The new video for LA rocker Hanni El Khatib’s “Family” is a sexy cinematic slice featuring a wild Asian motorcycle gang trick riding, and dry humping in their underpants. It immediately made me think of Japanese director Seijun Suzuki’s films known for their humour and nihilistic cool (one of which is playing tonight in Williamsburg). And, vintage cinema is just what the video’s creators had in mind.
“Most of our inspirations were old Japanese films of the ’60s, which were all shot 35mm anamorphic,” explains the video’s cinematographer Jeff Bierman.
Even though director Nick Walker “desperately” wanted to shoot on film, there just wasn’t the budget for it. But, the two of them did their best to make digital look like film, and they had me fooled the first time I watched it. A big part of the reason why is the glass they shot with. “I found a rental house in LA that owned a set of Kowa Anamorphic Lenses that were manufactured in Japan in the ’60s,” explains Bierman. The anamorphic lens gives the video its widescreen format and the glass does something special to the image that we’re used to associating with celluloid. “Really old anamorphic lenses are beautiful and do things that today’s lenses don’t,” notes Walker.
Bierman did a few more things to approximate film. He used a mist filter to “soften the image and raise the blacks.” Another trick was changing up the frame rates, something Bierman learned from Chris Doyle the cinematographer for all Wong Kar Wai’s films. Finally, Bierman shot a white background with some old Fuji stock, and laid that over all the digital footage for texture.
There’s a lot of beer drinking in the video and it’s all Budweiser. “I love Budweiser. Hani loves Budweiser. I just love the logo,” says Walker, adding, “I just wish they sponsored it. Then, we probably could have gotten the money to shoot on 35.”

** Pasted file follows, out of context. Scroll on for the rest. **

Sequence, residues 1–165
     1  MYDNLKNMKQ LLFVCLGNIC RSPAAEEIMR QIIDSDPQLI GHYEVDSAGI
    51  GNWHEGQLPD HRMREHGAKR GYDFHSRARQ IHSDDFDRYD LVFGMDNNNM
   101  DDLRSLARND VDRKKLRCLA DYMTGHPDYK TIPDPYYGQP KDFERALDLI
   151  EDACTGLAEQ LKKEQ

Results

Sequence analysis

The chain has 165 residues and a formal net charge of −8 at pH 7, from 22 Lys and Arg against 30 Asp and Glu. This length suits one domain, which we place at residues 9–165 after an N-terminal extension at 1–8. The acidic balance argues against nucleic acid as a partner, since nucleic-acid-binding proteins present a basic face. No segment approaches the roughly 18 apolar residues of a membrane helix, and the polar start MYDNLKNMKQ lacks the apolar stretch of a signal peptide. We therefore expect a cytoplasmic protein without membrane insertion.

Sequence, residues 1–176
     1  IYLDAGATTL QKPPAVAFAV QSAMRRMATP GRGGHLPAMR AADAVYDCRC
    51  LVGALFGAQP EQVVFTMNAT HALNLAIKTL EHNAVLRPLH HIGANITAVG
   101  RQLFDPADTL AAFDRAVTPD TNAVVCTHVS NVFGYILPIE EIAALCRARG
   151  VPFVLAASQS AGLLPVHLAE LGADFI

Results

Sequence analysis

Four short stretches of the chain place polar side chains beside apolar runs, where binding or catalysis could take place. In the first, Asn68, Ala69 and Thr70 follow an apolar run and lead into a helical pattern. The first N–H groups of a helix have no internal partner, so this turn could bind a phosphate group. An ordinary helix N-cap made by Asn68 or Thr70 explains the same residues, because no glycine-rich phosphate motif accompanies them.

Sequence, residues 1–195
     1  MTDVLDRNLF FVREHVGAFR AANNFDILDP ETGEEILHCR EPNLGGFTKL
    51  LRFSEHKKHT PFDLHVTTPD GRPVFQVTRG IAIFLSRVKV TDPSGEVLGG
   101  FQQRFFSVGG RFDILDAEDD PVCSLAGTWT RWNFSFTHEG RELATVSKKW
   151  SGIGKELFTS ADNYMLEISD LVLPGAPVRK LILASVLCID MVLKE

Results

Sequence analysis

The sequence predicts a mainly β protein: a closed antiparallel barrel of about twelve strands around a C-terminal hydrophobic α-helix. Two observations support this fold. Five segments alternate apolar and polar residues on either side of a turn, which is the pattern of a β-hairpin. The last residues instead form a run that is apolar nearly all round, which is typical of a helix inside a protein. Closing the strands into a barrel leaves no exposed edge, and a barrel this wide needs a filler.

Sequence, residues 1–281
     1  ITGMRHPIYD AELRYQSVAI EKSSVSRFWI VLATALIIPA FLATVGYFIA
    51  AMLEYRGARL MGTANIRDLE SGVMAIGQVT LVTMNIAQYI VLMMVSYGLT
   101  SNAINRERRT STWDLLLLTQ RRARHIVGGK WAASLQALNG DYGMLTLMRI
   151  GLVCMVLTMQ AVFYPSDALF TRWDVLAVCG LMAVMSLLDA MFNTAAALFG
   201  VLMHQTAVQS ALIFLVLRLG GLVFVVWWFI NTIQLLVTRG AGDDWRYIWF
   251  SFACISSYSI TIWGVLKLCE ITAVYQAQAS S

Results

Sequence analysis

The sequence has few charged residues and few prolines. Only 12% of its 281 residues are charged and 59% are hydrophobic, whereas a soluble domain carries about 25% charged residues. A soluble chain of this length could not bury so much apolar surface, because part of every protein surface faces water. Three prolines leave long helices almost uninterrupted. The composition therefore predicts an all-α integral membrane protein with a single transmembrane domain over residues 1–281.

Walker’s dream scenario isn’t hard to fathom. It’s these sorts of commercial ventures that are providing directors with the opportunity to use film. Sponsored content, a cousin of product placement, bankrolled a recent series of music documentaries New American Noise presented by Nokia and the Sundance Channel– they screened two weekends ago here in New York to a packed house. All the films were shot in 35mm and they’re available for free online.
There are people who are choosing to stick with celluloid even for non-commercial projects. Many of the directors of the Nokia-sponsored documentary series, like Emily Kai Bock, shoot all their music videos on 35mm too. Walker reminds us that there are hidden costs to digital that people don’t think about. “People say, ‘Film is so expensive. Film is so expensive.’ But they don’t remember to get a really good colorist, we are going to spend a shitload of money in post.”
Bierman suggests it’s as much about habits as it is about money. “People are so accustomed now to the workflow and immediacy of digital filmmaking.” But he is optimistic about the future of film, “I do think there is a niche for it.”